Jump to ContentJump to Main Navigation
Registration and RecognitionDocumenting the Person in World History$
Users without a subscription are not able to see the full content.

Keith Breckenridge and Simon Szreter

Print publication date: 2012

Print ISBN-13: 9780197265314

Published to British Academy Scholarship Online: January 2014

DOI: 10.5871/bacad/9780197265314.001.0001

Show Summary Details

Household Registration, Property Rights, and Social Obligations in Imperial China: Principles and Practices

Household Registration, Property Rights, and Social Obligations in Imperial China: Principles and Practices

Chapter:
(p.39) 1 Household Registration, Property Rights, and Social Obligations in Imperial China: Principles and Practices
Source:
Registration and Recognition
Author(s):

Richard Von Glahn

Publisher:
British Academy
DOI:10.5871/bacad/9780197265314.003.0002

Civil registration for the purposes of social control and the mobilization of labour has been a cornerstone of the Chinese imperial state since ancient times. This chapter traces the origins and historical development of the civil registration system of imperial China in order to clarify its ideological and institutional evolution, focusing on four key phases: the initial development of household registration for military conscription that accompanied the rise of autocratic states and the founding of the first empires during the first millennium bce; the institution of state landownership during the fifth to eighth centuries ce; the shift from the household to wealth as the basis of taxation and the introduction of household-ranking systems under the Song dynasty; and the rise and demise of the lijia system of rural social organization during the late imperial era (Ming and Qing dynasties).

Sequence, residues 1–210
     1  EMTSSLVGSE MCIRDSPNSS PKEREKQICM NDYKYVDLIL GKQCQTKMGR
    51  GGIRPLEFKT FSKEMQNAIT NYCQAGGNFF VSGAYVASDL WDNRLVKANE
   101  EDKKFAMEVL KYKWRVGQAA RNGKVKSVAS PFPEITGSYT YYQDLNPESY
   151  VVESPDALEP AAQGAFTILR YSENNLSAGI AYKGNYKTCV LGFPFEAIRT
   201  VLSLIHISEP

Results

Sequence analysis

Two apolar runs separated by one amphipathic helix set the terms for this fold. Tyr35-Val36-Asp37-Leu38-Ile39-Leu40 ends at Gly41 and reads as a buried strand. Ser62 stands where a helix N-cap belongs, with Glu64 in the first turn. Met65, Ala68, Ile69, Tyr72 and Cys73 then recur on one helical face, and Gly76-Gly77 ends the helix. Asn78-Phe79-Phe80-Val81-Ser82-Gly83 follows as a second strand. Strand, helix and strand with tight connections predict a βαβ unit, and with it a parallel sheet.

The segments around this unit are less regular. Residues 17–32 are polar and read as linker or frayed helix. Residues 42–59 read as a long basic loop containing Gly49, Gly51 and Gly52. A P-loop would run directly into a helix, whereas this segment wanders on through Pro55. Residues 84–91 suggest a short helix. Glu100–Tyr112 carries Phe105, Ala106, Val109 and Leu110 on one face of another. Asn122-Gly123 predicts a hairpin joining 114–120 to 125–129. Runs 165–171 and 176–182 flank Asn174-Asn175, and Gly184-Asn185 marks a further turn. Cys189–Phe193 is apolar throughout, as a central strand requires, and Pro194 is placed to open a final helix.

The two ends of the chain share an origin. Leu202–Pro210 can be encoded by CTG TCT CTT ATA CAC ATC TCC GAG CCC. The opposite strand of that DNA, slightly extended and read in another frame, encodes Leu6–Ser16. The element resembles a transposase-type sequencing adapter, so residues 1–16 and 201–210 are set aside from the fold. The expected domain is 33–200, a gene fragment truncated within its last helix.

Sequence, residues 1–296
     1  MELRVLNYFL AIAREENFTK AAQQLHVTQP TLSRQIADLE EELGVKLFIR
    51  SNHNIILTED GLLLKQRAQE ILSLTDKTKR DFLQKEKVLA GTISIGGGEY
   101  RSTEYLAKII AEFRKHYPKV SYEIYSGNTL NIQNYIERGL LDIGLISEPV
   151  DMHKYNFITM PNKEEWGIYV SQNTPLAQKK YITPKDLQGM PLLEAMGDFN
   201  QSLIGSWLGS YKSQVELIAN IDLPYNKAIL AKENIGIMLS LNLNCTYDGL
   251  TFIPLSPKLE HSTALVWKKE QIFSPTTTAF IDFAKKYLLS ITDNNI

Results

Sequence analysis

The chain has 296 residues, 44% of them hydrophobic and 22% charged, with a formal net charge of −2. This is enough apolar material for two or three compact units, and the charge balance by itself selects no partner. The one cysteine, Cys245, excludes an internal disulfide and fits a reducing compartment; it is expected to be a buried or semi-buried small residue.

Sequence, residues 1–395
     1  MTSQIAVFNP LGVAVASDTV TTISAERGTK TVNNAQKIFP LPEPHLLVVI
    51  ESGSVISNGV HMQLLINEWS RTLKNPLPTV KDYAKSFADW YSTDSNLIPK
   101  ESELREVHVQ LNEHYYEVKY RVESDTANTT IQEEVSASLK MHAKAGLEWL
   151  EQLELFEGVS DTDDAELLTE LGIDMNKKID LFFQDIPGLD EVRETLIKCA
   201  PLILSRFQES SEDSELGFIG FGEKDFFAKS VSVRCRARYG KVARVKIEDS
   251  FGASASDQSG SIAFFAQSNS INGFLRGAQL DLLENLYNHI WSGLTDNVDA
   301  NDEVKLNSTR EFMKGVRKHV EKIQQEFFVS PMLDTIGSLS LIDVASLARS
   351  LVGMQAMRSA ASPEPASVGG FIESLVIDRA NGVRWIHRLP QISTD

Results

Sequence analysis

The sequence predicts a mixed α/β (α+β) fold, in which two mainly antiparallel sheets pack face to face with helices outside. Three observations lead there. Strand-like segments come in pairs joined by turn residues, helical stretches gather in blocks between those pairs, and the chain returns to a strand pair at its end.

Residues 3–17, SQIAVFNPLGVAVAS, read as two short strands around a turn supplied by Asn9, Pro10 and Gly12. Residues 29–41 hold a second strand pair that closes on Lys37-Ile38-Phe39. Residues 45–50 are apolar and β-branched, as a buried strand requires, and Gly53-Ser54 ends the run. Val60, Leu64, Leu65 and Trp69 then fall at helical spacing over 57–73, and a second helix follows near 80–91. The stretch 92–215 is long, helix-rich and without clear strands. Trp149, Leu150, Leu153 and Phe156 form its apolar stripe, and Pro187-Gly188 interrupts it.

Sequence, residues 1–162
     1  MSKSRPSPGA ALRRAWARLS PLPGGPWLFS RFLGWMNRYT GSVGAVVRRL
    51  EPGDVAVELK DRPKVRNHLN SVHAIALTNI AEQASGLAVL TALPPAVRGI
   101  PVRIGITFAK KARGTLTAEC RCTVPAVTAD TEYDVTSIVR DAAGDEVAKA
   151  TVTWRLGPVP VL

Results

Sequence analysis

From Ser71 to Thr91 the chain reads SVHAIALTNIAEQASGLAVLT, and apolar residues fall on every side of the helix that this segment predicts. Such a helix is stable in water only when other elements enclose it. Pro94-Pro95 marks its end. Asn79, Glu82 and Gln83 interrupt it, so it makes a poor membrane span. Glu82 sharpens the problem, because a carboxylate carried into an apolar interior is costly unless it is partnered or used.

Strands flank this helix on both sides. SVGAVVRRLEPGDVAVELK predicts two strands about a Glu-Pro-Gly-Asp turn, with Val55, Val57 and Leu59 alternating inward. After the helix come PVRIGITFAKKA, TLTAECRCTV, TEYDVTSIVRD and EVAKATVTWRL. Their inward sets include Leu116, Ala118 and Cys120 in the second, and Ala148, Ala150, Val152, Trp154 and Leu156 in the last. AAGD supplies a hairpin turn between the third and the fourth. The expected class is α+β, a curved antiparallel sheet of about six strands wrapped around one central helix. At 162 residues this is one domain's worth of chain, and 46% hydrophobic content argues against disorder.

Keywords:   China, household, taxation, conscription, autocratic state, state landownership, property rights, social control

British Academy Scholarship Online requires a subscription or purchase to access the full text of books within the service. Public users can however freely search the site and view the abstracts and keywords for each book and chapter.

Please, subscribe or login to access full text content.

If you think you should have access to this title, please contact your librarian.

To troubleshoot, please check our FAQs , and if you can't find the answer there, please contact us.